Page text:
Southgate admitted: “There was just a period in the second half where it looked like we had the lead and didn’t want to give it away, rather than keep playing. We just lost a bit of composure in that period, and Croatia’s experience told.”

Southgate deserves credit but accepts being in front and allowing the lead to slip away, as it did against both Columbia and Croatia, is something that needs to change. It could have made the difference between being one match away from a final and actually reaching it.


Southgate joins that handful of England managers who can rightly feel they have done a good job at a major tournament.

The transformation in England’s fortunes that he brought about with a young squad made the nation proud of its team again as football fleetingly appeared to be ‘coming home’.

With key players such as Alex Oxlade-Chamberlain and Adam Lallana hoping to return to the national set-up, Southgate’s options may be boosted ahead of Euro 2020, some of which will take place in the UK.

“We have to keep improving, and these guys will improve,” he asserted. “I think we’ve managed to get a lot from this group of players, and play in a way that highlighted some of our strengths and hid some of our weaknesses.”

England have taken significant strides towards becoming a team who work hard for each other and believe they can succeed. Winning two knockout games will have boosted their confidence, particularly the victory via a penalties against Colombia as England finally banished their World Cup shootout hoodoo.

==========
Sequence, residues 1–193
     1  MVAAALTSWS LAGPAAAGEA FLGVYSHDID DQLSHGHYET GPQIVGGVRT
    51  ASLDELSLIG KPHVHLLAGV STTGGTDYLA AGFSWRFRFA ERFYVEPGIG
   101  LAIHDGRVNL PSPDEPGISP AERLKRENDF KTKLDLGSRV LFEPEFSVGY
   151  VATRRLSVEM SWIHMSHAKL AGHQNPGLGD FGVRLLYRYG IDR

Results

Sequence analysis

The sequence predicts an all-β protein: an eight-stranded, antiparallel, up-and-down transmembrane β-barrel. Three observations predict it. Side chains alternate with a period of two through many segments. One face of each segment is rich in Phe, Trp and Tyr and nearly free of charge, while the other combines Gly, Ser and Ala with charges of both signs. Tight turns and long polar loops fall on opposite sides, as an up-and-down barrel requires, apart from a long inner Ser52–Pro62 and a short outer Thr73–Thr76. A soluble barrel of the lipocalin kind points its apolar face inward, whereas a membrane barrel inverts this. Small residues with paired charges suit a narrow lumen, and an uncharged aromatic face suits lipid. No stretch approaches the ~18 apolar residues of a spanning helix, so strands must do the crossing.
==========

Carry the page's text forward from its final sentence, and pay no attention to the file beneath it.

Further improvements are needed, and some of England’s more inexperienced players need more game time for their clubs in the Premier League.

Southgate’s pool of talent is not a deep one, and England’s recent success in age-group tournaments won’t count for much if the young talents involved don’t get the chance to kick on at domestic level.

The future looks bright for England if those upcoming talents can be fully developed, and the senior team’s success in Russia will have fuelled their dreams of representing their nation.

The 2018 World Cup seemingly fired up the whole of England again after a period when successive poor tournaments had sapped the spirit and energy of supporters. Their achievements in Russia give Southgate and his young team, who made the country proud, a chance to take things to the next level.

England Three Lions photo by Keith Williamson via Flickr Creative Commons